Rough-scaled sand boa, Gongylophis conicus

The Rough-scaled sand boa (Gongylophis conicus) is a member of the Boidae family. The species inhabits eastern Pakistan, Iran, Afghanistan, India and regions of northern Sri Lanka. Commonly found among sandy regions and arid grassland, the rough-scaled sand boa has been found among dry steppes, agricultural areas and even into some of the wetter forests.

Rough, heavily ridged scales give the snake its common name. The rough-scaled sand boa is a heavy-bodied snake. An adult male measures roughly 24 inches, with females measuring nearly a foot longer. Typically colors vary from a light tan to grey and a connected zigzag pattern runs the length of its body.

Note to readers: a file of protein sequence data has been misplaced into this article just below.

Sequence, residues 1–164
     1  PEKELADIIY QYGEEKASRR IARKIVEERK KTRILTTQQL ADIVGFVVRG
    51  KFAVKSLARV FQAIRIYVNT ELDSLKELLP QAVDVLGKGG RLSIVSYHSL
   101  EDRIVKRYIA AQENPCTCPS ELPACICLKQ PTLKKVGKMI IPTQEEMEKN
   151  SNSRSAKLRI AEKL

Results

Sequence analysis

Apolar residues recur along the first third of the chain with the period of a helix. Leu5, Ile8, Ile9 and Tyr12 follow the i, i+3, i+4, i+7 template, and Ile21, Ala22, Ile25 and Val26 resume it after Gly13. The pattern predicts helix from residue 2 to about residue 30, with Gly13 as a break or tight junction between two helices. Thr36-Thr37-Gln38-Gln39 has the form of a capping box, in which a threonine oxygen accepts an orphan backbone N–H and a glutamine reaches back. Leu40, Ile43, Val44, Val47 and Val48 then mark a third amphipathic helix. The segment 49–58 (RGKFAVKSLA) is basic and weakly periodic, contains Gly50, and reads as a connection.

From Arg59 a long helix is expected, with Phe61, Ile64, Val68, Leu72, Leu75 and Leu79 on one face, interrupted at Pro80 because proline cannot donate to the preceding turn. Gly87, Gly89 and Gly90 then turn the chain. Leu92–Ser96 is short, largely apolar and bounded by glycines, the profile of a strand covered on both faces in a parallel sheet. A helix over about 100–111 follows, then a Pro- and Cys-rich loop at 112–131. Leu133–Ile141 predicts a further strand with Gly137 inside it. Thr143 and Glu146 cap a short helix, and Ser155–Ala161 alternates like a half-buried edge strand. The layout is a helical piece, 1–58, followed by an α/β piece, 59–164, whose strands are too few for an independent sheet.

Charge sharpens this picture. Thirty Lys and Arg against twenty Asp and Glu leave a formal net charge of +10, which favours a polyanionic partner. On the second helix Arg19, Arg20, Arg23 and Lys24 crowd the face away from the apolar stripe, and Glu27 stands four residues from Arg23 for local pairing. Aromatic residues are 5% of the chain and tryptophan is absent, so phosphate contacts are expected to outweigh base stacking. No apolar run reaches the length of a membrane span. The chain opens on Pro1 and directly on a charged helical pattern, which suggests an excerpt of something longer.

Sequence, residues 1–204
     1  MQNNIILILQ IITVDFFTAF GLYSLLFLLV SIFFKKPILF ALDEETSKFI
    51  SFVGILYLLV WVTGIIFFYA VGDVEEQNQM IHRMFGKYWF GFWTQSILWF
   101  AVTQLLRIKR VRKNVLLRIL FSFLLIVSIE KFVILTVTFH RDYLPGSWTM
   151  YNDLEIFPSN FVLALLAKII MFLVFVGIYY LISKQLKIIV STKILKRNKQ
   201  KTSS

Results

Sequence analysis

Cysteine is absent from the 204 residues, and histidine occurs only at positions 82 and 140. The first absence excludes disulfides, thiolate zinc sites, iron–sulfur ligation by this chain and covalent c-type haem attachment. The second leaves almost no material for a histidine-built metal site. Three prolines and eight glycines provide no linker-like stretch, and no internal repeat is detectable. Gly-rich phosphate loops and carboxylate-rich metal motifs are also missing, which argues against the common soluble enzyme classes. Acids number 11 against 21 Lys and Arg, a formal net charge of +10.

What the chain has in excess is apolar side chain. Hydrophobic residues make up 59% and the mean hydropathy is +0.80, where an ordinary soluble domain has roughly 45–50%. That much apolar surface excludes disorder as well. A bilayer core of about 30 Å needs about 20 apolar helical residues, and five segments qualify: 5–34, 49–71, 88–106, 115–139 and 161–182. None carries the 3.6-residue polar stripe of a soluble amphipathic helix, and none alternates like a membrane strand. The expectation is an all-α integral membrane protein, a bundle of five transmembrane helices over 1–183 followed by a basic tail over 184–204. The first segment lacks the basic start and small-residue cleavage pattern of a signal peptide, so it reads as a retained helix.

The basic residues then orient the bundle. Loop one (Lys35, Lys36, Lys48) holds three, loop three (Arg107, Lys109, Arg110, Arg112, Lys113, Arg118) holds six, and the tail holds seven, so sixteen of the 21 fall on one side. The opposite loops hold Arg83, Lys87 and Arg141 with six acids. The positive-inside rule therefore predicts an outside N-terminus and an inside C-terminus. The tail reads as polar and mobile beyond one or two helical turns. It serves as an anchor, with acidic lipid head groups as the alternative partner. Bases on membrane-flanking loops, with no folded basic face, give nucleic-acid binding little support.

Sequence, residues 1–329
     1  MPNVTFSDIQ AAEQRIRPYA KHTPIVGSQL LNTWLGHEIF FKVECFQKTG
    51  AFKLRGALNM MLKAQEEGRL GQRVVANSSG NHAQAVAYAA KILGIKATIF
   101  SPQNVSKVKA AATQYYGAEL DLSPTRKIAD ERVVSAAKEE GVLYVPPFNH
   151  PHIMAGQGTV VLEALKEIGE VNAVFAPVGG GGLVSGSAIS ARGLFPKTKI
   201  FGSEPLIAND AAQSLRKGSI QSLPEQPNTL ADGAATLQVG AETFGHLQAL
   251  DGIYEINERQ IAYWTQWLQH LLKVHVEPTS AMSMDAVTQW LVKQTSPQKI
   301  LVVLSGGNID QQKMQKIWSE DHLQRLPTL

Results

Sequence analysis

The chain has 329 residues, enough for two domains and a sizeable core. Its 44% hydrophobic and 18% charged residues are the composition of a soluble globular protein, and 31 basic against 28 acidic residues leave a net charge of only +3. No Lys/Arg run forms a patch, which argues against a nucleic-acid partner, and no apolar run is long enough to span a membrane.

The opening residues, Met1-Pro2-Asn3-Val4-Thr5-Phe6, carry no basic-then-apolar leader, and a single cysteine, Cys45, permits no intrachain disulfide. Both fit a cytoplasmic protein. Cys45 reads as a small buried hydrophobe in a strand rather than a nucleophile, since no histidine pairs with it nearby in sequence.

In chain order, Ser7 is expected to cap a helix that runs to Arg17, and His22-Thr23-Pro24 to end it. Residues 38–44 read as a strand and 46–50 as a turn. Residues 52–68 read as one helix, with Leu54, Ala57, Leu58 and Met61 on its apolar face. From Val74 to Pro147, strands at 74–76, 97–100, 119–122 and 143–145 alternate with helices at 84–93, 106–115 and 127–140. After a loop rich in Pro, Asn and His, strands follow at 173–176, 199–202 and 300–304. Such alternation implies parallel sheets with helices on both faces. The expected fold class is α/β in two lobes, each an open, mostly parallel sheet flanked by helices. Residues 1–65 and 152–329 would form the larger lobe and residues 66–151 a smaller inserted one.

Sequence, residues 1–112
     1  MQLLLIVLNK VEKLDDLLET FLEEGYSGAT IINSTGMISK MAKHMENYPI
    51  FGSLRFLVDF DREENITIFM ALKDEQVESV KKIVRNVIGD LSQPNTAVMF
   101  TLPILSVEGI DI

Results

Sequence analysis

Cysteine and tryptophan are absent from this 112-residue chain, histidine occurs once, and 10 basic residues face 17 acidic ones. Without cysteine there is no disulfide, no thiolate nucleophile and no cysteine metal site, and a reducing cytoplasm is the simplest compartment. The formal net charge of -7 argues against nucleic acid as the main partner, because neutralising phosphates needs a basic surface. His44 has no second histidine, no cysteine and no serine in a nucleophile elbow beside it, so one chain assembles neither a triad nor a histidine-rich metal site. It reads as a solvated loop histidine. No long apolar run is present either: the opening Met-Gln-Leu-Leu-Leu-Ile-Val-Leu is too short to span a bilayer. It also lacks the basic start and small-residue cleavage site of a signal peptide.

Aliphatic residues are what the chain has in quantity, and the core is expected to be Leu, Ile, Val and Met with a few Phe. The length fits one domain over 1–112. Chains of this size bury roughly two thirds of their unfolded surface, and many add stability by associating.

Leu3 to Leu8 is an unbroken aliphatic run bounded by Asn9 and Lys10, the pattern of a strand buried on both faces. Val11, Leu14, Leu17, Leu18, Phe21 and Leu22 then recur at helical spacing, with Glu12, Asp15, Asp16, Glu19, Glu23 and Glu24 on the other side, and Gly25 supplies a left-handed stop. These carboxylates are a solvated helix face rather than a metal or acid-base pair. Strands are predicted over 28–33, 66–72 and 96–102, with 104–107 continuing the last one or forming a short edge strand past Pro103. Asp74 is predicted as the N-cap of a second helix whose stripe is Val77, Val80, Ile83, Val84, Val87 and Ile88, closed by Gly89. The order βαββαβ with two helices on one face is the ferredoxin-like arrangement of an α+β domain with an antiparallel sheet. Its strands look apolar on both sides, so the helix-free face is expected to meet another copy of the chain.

The rough-scaled sand boa feeds mainly on small mammals such as mice and rodents, though small birds and lizards may become victim as well. The species is nocturnal by nature. A protective condition known as torpor causes the snake to go inactive in very cold and extremely dry conditions.

An adult female rough-scaled sand boa gives live birth. Throughout gestation the female snake rarely feeds. Between 3 and 12 babies are born in one breeding period.

The rough-scaled sand boa is non-venomous and has an extremely passive nature. Easily handled it will flourish in captivity and is among some of the more popular species to be kept as pets.

Image Caption: Rough-scaled sand boa. Credit: Sandilya Theuerkauf/Wikipedia (CC BY-SA 2.5)